However, current all – optical switching technology have not advanced to a level of technology where photonic signals can be as stored as easily as electrical signals. It is possible to store them using fiber delay lines, as light take a certain time to travel through lengths fiber (200,000 km p/second in silica). This would mean a 10000 bit frame traveling at 10G b/s will require 200m of fiber. This is both expensive and impractical. Another problem with this is that once a signal is put through a delay line, it cannot be processed until it comes back out. A solution to this is through adding switches within the lines, but this will only increase the costs of optical switching.

The other problem with all- optical switching is it cannot process header information of packets, especially at such high speed which the signals travel at. The maximum speed electronic routers currently can operate is at 10 Gb/s while optical signals today can travel up to 40 Gb/s. Hence the routers will not be able to process the signals as fast as the transmission.

5.3 Companies Producing Optical Switches

Many companies have chosen to take advantages of the potential that optical switches hold. The market of optical switches is dominated by four companies, namely Lucent, Nortel, Alcatel and Cisco, with the first two holding 50% of the market share. Besides the companies mentioned above and within the Technologies section, here are some other companies worth noting.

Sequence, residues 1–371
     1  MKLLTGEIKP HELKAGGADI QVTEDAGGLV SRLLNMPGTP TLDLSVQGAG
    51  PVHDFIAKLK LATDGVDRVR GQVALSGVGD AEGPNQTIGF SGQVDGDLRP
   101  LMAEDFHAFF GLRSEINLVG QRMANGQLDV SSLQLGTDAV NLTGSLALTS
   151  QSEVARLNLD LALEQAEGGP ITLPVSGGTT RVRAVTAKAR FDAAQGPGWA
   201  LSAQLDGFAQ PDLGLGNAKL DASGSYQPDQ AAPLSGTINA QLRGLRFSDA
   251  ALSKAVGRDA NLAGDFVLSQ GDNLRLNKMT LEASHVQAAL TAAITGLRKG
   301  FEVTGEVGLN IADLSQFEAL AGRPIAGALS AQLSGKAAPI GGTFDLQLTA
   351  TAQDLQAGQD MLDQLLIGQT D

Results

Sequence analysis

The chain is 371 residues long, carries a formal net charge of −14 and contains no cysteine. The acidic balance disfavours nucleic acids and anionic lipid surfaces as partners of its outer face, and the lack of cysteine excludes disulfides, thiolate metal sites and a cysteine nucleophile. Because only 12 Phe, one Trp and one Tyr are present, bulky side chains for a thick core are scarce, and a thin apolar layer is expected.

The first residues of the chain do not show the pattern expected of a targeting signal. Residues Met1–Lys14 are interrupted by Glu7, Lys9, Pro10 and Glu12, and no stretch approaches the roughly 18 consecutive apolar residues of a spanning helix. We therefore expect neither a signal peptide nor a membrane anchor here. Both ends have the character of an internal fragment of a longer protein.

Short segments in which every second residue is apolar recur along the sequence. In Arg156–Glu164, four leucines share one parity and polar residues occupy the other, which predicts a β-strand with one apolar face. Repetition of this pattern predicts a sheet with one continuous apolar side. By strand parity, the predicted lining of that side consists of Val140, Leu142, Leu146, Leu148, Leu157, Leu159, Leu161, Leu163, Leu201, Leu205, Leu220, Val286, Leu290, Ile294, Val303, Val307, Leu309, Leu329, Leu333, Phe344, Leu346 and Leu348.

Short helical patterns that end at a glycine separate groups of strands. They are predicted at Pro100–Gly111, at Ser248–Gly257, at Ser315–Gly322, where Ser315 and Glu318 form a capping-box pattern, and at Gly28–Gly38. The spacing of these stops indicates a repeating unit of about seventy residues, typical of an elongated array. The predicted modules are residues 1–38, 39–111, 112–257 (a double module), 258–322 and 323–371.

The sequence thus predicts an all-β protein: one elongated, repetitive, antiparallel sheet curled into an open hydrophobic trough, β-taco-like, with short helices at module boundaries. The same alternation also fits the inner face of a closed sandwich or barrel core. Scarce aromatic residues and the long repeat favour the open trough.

Ciena Corporation developed one of the first DWDM systems, and produces switches for both regional, metropolitan and long haul carrier networks. Its recent advances in its "MultiWave CoreStream" products has gained industry attention by enabling optical systems to perform at 16 Tb/s.

The first all-optical switch was produced by Corvis Corportion, and was called the "Corvis Optical Switch". The company has been able to gain other technological breakthroughs such as the ability to transmit signals over 20,000 miles without the need to regenerate signals.

Trellis Photonics has come up with a "Intelligent Lambda Switch" which uses hologram technology to reflect specific wavelengths of light, using an array of tiny crystals. The technology is immensely scalable, with Trellis proposing a to develop 3840 x 3840 port switch, with no moving parts and a crystallite structure which is 95 percent efficient. However, the downside of the  technology is that there is too  much power consumption (100 volts) and difficulty in cross connecting wavelengths.

 

6. Future of the Technology

MOST [6] believes that internet traffic is currently overwhelmed by the immense number of people who try to access it everyday. A growing demand for video conferencing and audio will also challenge the data capacities and bandwidth of networks in the future. Optical Networks is the clear solution, with experiments demonstrating that data rates of 400 Gb/s can be achieved using DWDM technologies.